Let's face it. Online shopping can't buy you the feeling of skimming a great new or used paperback in a cozy nook. The best bookstores in Chicago even offer up knowledgeable staffers (not algorithms) to recommend their favorite novels. Some of our most beloved bookshops also offer coffee, wine or beer—and how can you say no to that? So the next time you're on the hunt for a page-turner, browse the stacks inside these wonderful, well-read bookstores.
Bookstores in Chicago
This legendary used bookstore—one of Chicago's oldest and largest—stocks three floors' worth of books from floor to ceiling. Also, local poet Larry Sawyer has booked one of the best free poetry series in the Midwest here for years, and in Myopic’s top-floor space, the readings are even sunnier.
Avid book lover and former media sales mogul Erika VanDam had always dreamed of opening a bookstore. Her dream came to life when she recently opened her Roscoe Village shop, a haven for all local bookworms. Step into the store, and it's easy to sense the passion in the air, with details like handwritten "staff favorite" notes and a large variety of community events. The shop offers books of all genres—fiction, nonfiction, cookbooks, parenting, biographies, memoirs and more—but its children's section is what you'll want to write home about. Thirty percent of its inventory is dedicated to children's books. Stop by for Sunday Stories & Puppet Making, book signings and book clubs like "Book Lover's Throwdown" and "Middle Grade Bookclub," for young readers ages 8-12. There's truly something for everyone here.
When it comes to bookstores, this place defines class. Not only can you browse books while sipping wine, but the staff recommendations are just what you want them to be: varied and idiosyncratic. Catch young area writers here the third Thursday of every month at Local Author Night.
Handwritten, personal recommendations from employees line the shelves at the Unabridged Bookstore, offering helpful, heartfelt tips for customers. The Lakeview shop is known for its extensive children's section but also stocks a diverse selection of literary fiction and nonfiction for more advanced readers.
Open Books isn’t your average bookstore. Opened in 2009, the shop is an outgrowth of the Open Books nonprofit, with a new location at the Literacenter. More than 50,000 books—mostly used and donated, with some recent new titles—are housed in rows of wooden shelves painted in bright, cheerful colors. Open Books invites customers to sit and stay awhile, offering plenty of snug reading nooks, complete with comfy seating as well as a dedicated children's section. Go ahead, buy a handful. All proceeds go to literacy programs in the city.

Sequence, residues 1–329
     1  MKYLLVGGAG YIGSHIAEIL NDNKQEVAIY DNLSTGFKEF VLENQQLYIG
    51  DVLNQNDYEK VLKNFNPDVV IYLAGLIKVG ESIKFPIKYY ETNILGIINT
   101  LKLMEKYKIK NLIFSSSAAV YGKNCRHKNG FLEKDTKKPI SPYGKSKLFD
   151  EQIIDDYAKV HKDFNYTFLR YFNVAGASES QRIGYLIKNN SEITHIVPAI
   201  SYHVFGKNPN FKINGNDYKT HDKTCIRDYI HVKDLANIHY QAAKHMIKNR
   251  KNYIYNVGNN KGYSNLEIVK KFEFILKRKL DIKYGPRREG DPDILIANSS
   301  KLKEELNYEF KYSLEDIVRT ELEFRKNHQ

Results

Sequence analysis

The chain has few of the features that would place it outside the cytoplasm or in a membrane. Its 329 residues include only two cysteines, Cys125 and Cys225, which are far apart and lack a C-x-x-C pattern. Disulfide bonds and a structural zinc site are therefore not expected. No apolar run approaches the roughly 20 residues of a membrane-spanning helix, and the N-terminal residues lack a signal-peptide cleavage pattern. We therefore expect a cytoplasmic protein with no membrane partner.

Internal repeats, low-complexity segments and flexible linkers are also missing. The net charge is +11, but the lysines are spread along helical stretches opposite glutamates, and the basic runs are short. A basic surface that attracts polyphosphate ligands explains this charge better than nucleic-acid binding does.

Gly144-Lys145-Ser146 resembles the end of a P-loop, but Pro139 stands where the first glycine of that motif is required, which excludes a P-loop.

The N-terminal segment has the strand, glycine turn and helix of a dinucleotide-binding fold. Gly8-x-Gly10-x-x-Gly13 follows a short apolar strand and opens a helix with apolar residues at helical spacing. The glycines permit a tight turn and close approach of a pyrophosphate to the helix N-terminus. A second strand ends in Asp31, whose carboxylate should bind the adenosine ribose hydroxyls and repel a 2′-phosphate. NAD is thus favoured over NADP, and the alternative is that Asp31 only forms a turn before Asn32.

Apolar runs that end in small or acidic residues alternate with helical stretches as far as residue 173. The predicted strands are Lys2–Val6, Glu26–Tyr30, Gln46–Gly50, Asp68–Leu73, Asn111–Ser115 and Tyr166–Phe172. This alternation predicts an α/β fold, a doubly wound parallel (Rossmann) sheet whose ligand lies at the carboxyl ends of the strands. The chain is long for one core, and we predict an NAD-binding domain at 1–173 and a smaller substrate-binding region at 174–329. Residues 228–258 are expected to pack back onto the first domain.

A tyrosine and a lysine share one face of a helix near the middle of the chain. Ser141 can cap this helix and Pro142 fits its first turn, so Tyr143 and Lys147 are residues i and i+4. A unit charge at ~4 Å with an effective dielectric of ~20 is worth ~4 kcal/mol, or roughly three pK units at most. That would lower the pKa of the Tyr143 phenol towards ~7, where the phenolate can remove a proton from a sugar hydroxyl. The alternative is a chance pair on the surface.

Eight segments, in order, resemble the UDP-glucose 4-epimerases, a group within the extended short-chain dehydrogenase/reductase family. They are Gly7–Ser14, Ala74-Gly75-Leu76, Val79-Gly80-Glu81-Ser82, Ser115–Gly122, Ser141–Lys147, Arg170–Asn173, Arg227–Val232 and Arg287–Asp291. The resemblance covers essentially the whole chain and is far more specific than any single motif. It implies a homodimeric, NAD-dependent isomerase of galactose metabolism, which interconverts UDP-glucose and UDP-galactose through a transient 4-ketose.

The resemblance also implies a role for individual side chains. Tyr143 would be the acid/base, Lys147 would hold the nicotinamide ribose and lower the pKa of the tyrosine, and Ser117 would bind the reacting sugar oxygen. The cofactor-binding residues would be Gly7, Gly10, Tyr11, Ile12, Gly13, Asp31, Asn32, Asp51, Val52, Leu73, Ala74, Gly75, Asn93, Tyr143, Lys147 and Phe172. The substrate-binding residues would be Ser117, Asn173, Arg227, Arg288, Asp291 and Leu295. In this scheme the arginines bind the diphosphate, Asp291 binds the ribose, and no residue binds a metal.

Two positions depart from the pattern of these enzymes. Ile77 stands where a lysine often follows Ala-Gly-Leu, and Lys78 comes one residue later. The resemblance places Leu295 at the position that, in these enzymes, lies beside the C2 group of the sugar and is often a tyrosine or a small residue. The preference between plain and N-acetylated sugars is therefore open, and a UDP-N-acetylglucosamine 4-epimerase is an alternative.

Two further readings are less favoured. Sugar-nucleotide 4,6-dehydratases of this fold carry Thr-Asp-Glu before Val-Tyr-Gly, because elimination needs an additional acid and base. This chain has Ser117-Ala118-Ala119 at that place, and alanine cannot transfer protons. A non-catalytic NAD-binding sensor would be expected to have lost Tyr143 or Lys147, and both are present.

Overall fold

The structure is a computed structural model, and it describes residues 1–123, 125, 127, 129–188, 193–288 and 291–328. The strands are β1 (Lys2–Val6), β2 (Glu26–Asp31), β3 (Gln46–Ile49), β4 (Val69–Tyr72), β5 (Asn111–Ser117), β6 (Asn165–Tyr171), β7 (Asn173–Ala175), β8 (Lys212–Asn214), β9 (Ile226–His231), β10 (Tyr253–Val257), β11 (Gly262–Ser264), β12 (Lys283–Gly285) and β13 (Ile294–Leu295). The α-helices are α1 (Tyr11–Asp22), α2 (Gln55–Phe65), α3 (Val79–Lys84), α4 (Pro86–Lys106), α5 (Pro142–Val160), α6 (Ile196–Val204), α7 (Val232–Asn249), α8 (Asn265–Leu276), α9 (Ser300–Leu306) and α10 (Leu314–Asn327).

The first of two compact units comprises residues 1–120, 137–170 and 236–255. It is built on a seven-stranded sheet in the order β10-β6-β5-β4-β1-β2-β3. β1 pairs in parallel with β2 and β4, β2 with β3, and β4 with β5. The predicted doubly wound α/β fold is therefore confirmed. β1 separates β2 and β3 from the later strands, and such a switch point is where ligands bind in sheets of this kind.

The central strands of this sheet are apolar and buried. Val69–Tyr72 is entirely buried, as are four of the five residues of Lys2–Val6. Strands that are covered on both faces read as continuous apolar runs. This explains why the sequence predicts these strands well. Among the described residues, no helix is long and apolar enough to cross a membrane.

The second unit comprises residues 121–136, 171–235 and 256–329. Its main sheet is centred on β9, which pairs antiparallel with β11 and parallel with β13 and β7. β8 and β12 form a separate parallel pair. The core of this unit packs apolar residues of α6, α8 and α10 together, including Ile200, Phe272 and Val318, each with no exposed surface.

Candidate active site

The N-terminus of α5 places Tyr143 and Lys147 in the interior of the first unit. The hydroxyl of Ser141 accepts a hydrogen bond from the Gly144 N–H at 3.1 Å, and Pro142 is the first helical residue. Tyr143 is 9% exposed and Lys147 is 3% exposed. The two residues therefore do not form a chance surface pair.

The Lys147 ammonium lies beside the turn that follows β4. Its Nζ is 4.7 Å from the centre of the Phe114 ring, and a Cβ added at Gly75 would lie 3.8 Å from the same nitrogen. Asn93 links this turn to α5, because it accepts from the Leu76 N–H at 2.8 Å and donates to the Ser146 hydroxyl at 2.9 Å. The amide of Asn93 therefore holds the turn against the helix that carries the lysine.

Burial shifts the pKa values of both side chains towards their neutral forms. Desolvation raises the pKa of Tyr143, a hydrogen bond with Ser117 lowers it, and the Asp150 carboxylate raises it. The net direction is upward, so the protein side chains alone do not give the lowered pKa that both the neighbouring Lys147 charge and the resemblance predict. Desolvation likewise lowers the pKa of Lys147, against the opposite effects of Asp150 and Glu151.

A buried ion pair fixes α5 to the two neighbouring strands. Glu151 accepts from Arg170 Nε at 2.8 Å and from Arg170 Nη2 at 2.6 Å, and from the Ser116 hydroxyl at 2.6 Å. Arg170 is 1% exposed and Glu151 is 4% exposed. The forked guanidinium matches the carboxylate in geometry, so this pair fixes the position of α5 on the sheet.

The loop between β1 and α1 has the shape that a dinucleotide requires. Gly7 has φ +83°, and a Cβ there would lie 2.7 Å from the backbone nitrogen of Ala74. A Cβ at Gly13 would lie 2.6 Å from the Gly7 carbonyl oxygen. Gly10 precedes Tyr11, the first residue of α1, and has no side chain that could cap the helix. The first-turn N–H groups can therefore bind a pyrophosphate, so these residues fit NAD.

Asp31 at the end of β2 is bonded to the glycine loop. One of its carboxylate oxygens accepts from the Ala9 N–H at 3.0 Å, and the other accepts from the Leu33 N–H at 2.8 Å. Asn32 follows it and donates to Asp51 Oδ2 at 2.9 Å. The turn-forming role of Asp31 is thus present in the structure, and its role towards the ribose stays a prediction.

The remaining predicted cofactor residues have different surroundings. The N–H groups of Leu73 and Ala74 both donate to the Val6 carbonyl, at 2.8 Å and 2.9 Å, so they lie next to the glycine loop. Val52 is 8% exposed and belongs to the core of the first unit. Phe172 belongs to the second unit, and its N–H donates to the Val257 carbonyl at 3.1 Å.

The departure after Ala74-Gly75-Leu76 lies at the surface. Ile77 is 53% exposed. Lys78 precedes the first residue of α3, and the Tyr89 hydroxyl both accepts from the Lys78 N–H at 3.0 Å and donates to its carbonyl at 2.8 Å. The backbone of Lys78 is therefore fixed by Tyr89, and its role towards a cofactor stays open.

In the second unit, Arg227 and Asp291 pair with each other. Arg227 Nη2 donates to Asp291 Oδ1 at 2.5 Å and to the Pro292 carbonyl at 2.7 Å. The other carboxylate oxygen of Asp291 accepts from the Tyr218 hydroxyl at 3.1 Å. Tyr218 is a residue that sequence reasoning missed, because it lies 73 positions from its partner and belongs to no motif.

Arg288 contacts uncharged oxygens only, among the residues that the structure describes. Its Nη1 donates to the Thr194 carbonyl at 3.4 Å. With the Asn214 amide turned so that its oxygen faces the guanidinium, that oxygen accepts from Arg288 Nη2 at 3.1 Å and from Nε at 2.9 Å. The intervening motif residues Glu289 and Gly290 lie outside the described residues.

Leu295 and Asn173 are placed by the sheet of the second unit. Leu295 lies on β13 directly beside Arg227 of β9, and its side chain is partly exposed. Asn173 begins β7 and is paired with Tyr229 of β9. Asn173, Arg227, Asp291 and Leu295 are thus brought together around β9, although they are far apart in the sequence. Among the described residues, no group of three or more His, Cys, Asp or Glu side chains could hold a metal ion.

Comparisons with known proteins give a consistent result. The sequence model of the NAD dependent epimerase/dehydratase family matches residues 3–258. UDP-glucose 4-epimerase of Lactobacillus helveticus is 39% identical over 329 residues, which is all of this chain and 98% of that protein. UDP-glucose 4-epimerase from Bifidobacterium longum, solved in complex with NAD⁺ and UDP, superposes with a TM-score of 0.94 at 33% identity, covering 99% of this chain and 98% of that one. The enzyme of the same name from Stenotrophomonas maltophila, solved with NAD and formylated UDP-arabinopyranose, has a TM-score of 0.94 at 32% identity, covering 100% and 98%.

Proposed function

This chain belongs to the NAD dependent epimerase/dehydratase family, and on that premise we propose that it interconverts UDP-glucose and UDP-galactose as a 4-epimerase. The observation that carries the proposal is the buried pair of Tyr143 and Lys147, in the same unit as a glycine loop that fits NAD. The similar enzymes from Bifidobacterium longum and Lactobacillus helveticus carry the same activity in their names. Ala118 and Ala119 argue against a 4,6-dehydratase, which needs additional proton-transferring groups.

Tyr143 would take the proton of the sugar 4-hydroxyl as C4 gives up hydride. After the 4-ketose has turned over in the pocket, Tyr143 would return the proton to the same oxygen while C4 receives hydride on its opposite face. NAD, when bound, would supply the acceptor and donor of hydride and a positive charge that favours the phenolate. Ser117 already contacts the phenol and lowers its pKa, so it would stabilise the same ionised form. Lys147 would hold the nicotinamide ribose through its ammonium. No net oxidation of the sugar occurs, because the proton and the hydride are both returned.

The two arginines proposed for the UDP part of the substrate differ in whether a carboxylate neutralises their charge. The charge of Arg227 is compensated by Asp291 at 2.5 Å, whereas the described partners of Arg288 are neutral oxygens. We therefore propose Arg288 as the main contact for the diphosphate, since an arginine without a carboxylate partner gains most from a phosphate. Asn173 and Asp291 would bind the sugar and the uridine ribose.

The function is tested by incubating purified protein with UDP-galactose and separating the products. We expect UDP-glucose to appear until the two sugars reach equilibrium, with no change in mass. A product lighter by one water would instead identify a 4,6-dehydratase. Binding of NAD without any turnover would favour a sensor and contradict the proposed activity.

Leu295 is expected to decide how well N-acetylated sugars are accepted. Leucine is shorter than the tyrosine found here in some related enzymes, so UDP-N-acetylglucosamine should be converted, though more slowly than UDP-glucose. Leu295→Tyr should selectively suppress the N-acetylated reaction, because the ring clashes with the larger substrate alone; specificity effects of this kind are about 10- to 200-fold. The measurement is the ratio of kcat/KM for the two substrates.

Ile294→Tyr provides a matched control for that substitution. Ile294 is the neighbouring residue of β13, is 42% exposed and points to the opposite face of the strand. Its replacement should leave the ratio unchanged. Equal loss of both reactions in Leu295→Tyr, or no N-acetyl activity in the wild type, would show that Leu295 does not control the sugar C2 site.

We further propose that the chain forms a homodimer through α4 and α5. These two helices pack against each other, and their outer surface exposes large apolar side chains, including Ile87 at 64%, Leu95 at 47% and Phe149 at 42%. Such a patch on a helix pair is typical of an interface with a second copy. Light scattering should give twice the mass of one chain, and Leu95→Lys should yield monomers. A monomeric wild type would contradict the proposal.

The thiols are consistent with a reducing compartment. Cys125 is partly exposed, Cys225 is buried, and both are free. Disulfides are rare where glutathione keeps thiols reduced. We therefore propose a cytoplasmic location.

This laid-back Logan Square bookshop is chock full of used books, from newly released literature to nonfiction favorites. Give yourself ample time to dig, then rest your feet by taking a seat at the table and chairs. Shop owner Tanner McSwain hosts occassional author events, and Ramona, the shop dog, is an added bonus.
This culinary bookstore came about after Esther S. Dairiam, a former management consultant, visited Paris and went on a food tour, which included Librairie Gourmande, a culinary bookstore. Filling a void in Chicago, Read It & Eat is half bookstore, with shelves lined with cookbooks, food memoirs, food history books and reference materials, and half kitchen space, where chefs come in for demos and events.
Don’t be fooled by the store’s name. While the Andersonville shop has a definite feminist slant, any and all can find something here. The store stocks more than 30,000 books, and it's an active location for author readings and community events. It's also the endearing inspiration for Portlandia's "Women and Women First" bookstore sketch.
Teresa Kirschbraun has lived in Logan Square for more than 25 years and felt it always needed a bookstore so she decided to open one. The indie bookshop sells new books and also features an extensive children’s section and an area offering literature in Spanish. Look for a roster of events (book clubs, author visits and story times).
You’ve probably heard of Quimby’s as the place to buy small-press books, zines and comics, but it’s also the place to catch their writers. McSweeney’s writers often stop in, as do indie darlings such as Kelly Link, Michelle Tea and the revolving cast of the Perpetual Motion Roadshow.
Founded in 1961 by a group of book lovers, the Seminary Co-op is a community-owned bookstore that specializes in academic titles. For years, the store was based out of the basement of the Chicago Theological Seminary, but in 2012 it moved to its current, above-ground location.
One of River North's hidden gems, After-Words Books houses two floors (and more than 70,000 titles) of new and used books. The shop features a wide variety of titles—fiction, poetry, literature, photography, history, cookbooks and plenty more. It also has rental space available for parties, lectures, and readings. Plus, the store is equipped to sell books off-site at book groups and other events. Cash book buying is also available by appointment.